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The Orca Dilema: What To Do About Tilikum?

Some of you may have been watching the drama unfold since the death of long-time Seaworld trainer Dawn Brancheau. While that was certainly a tragedy, the incident begs the question, “What to do about Tilikum?” For those of you who may have missed all or part of the situation, we provide this recap:

The day of the attack, the orcas had been notedly uncooperative, as most orca experts not on the payroll of SeaWorld would attest. After the main show, Dawn was grabbed by Tilikum, an adult male orca (who had already killed two other people) while in captivity. Though as many as 85 people may have been involved in rescue efforts, Ms. Brancheau died from the attack. Initially, SeaWorld tried to play the incident off as an unfortunate accident in which the trainer slipped, fell into the pool and drowned. Only when one of the patrons who had witnessed the attack spoke up, did the truth of the matter surface.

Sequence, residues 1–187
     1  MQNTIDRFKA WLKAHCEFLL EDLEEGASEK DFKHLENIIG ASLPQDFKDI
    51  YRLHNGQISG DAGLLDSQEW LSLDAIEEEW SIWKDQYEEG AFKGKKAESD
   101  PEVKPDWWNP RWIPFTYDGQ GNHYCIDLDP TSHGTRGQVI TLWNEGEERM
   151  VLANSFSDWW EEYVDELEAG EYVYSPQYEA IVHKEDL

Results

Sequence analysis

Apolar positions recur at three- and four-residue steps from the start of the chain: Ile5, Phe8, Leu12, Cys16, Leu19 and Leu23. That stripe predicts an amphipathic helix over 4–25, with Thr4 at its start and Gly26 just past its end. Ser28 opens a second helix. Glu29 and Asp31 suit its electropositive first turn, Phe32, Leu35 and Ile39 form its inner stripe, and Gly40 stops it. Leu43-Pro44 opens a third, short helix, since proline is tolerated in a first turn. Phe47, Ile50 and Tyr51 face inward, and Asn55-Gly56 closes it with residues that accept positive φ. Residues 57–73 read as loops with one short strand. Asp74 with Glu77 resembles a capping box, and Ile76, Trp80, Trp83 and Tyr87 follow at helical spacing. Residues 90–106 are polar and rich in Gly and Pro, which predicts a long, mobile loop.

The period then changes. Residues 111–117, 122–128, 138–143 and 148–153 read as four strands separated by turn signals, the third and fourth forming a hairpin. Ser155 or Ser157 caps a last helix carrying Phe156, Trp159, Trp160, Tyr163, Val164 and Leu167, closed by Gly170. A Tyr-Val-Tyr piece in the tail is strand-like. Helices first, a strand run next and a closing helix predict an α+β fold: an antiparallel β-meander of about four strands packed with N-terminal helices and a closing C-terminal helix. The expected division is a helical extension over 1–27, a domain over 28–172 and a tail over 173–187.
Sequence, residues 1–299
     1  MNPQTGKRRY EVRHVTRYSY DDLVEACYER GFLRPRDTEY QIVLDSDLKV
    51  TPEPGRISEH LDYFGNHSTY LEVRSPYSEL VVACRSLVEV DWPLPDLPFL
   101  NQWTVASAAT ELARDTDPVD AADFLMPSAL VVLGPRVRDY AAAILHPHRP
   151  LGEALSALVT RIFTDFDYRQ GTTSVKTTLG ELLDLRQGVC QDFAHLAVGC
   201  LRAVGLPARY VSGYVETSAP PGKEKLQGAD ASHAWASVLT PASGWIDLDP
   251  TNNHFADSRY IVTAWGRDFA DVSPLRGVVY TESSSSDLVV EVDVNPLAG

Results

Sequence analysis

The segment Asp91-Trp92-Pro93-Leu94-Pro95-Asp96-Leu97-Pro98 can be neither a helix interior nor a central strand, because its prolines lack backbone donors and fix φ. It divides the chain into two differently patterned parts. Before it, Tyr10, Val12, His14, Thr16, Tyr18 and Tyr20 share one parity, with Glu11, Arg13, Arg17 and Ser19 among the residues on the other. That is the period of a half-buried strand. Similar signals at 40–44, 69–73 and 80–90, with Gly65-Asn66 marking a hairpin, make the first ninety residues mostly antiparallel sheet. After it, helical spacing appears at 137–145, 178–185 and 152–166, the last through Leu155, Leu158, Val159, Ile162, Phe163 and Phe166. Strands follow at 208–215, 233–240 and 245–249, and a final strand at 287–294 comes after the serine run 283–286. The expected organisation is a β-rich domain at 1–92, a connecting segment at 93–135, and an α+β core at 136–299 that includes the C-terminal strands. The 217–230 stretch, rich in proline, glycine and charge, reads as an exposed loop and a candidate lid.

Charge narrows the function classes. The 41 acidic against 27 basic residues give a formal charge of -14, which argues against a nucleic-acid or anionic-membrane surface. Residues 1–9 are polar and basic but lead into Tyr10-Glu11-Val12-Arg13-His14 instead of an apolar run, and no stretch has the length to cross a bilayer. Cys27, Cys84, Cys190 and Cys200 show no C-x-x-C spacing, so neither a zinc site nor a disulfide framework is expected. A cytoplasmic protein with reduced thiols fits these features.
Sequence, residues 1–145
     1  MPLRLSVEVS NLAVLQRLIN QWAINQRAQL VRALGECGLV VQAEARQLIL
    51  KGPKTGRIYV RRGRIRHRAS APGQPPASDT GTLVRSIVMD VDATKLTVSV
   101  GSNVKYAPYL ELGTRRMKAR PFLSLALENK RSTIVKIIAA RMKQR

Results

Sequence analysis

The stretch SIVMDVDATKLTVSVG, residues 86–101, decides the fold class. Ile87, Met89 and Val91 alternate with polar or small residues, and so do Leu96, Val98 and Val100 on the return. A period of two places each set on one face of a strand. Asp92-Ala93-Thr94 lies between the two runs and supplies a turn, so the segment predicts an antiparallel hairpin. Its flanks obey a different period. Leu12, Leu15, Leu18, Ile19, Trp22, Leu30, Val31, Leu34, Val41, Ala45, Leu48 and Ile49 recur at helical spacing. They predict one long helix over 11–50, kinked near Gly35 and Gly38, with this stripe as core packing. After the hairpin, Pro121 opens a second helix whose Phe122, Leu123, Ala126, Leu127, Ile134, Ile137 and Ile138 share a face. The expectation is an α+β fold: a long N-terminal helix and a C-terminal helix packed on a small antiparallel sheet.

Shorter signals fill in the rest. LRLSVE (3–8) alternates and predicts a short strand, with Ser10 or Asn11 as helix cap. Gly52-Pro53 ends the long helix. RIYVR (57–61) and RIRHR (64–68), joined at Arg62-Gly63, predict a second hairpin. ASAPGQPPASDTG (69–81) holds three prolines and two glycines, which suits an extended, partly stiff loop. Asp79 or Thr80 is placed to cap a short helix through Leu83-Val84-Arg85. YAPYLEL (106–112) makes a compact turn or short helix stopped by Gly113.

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Corexit’s Foul Stench

We have been reporting (and reporting about) the dangers of Corexit since the beginning of its use in the BP Gulf Disaster. Amongst things that we at Protect The Ocean have noticed is that Corexit is detectable in significant concentrations within shoreline waters days ahead of the arrival of the oil itself, and in beach waters that show no sign of oil contamination. Corexit is lethal to fish fry within 96 hours (and the stuff has been in there a lot longer than 96 hours) at just 2.6 ppm, that’s a pretty serious concentration! The fact is that far lower concentrations have proven lethal on fish fry when the duration went to 2 weeks.

A local Channel 5 news station at the Gulf did some independent testing. They took samples of water that children were playing in, and found Corexit solvents in concentrations ranging from 16 ppm to well over 200 ppm. Needless to say, I wouldn’t want anything in (or from) those waters if it could be helped. There’s no doubt that employing Corexit to bury the oil beneath the surface (where they wouldn’t be forced to pay for cleaning it up) was their contingency plan in case of major catastrophic leak. There’s little doubt that they realized the potential ramifications of infusing the stuff at 133+ atmospheres of pressure in cold water. Read more